Alice: What do you do when I go to bed?
Hire: Nothing I wait.
Alice arrived in this town a few months ago. She's a country who doesn't seem to know anyone other than Emile, who doesn't take her anywhere and at best doesn't pay enough attention to her. In Hire, she has someone that is willing to devote every second of his life to her. In a way, he knows everything about her and is still completely entranced. His obsession may be bizarre and unhealthy, but that kind of devotion, adulation, and worship is hard to find. Does she owe him something for, in his own twisted and demented way, giving her everything her uncaring boyfriend does not? With these two men, perhaps she can love both and get enough back to account for one? Or is she only interested in finding out if Hire was watching that fateful night, the one where her boyfriend returned in possession of a piece of evidence that could (because she didn't report it to protect him) get them both incarcerated for Pierrette's murder?
Alice, also a cold lonely non-conformist, forces her way into Hire's life, trying to seduce him by "spilling" a bag of tomatoes down the stairs right in front of them so he can watch her from inches away as she seductively gets down on all fours and picks them up. Hire has a hard time dealing with "intimate" moments between Alice and Emile, much less ones he's involved in.
The film is disturbingly subtle. One way it achieves this is to heighten focus on movement by telegraphing it then edging toward it cautiously, often with an excruciatingly unnatural lack of speed. A perfect example of this is a later scene at the boxing match where Hire, having got some confidence up, puts his fingers onto Alice's crossed arms as a prelude to putting it inside her button up shirt and down her pants. Every movement by Hire and Alice (from the point she's aware he's watching her all the time) seems calculated, for what purpose is the question.
Similarly, (although I doubt they were done this way) the zooms achieve the look of being done by a decent cameraman who was using a handheld without Steadicam. They match the aforementioned slowness and deliberateness, adding in just a touch of unstableness to their movements to bother the audience. A prime example can be seen the first time we see Hire peeping. Hire is on the right side of the frame, which has the entire width of the window. The camera starts out very low, so Alice's window (a story lower than Hire's) isn't revealed until later in the shot. The real effect of the shot though is that it makes us the voyeurs. We feel like we are creeping up behind him, looking over his shoulder and joining him in watching Alice in her underwear. However, we are surprised by a cut to a side angle of Hire looking out the window. He's not the drooling type; he actually puts his head down and closes his eyes. Then he has a spoonful of yogurt. When he puts it down, he accidentally knocks a jar of pickles or something off his counter, but he doesn't move a muscle as if he is too distracted or simply unable to notice the mess he just made. When she shuts her light off after she's dressed (we assume she's going out), he continues to stare out the window, staring expressionlessly. As the film progresses we begin to realize there's something sexual to him closing his eyes. We never know his fantasies for sure, but it's like he closes them so he can better concentrate on using all his senses to conjure up his essence of femininity. Alice forces a meeting that results in Hire chasing her out of his house for breaking his routing by asking him to sit next to her on the bed and talk to her. However, as soon as she leaves he lies down on the bed, sniffing and putting his head against the spot where she sat. A little later he goes to a perfume store and tests all the bottles until he can match her fragrance. At home, he closes his eyes and smells it. We wonder if he thinks it's almost as good as the real thing?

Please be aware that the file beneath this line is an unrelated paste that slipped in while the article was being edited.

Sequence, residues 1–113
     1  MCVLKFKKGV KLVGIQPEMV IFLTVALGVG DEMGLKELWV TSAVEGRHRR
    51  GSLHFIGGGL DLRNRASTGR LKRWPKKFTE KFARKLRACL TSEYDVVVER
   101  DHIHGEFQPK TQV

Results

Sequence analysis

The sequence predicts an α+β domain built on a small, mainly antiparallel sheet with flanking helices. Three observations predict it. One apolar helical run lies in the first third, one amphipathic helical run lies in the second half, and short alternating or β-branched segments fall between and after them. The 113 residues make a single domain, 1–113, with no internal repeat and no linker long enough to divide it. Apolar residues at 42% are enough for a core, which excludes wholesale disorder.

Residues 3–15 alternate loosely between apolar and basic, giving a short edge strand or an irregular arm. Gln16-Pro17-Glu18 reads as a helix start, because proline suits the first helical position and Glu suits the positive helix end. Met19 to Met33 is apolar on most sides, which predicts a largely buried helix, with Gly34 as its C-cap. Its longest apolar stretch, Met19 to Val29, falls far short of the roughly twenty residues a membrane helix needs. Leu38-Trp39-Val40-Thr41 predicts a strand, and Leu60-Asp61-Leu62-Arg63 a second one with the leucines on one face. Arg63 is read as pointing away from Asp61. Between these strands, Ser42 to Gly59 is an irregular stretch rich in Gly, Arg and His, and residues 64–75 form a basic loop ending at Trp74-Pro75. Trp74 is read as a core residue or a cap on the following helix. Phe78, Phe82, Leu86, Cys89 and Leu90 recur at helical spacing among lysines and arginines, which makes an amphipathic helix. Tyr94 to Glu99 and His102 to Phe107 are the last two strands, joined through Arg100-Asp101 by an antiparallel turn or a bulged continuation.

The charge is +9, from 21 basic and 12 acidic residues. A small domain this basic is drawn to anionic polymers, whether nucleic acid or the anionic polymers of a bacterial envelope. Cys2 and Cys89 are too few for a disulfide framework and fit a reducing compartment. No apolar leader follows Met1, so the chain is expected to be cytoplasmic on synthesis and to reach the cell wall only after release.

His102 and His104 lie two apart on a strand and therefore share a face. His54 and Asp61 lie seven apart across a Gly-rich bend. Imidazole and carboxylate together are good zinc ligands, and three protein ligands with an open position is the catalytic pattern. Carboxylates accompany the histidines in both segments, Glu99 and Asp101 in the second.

There's an erotic scene where she takes her sweater off for him (the film succeeds in being erotic even though Bonnaire doesn't show anything), causing him to retreat out of view. Why does he react this way? I think it's the look on her face. She turns the tables by staring at him, trying to seduce him. It breaks his habit, makes him aware of his actions and forces him to make eye contact with his object. He peeks around the corner of the window wondering if it's safe to resume, but she's still staring at him in a way that seems to announce her interest and availability. Although Alice does force another meeting and they wind up going out a few times during the course of the film, it's mainly an unspoken agreement that is forged between Hire and Alice. He likes to watch, and she seems to like that attention.
Blanc always seems to be in his own world, lost in his thoughts. He prefers not to look at people he's "interacting" with, and if he is facing their direction he rarely makes eye contact with them. Blanc is taller than Bonnaire, but makes it seem like his Hire doesn't notice it by talking to her forehead rather than tilting his head down.
Hire no longer has interest in whores once he discovers Alice. He tells one of them, "I'm sick of screwing you! You're just holes!" He starts following Alice around in public, a possible breach of their unspoken agreement. There's a wonderfully filmed ice skating sequence where clips of Alice & Emile having a ball are interspersed with dizzying, off balance point of view shots of a heavy breather. Eventually, Hire's new method of spying is revealed when he crashes to the ice, leaving a puddle of blood where he cracked his nose. What I love about the scene is it's filmed so we don't know it's Hire. We are put into Alice's shoes for once. When he's down we see him from behind, like her assuming it's him but not being able to tell because we can only see the back of his head.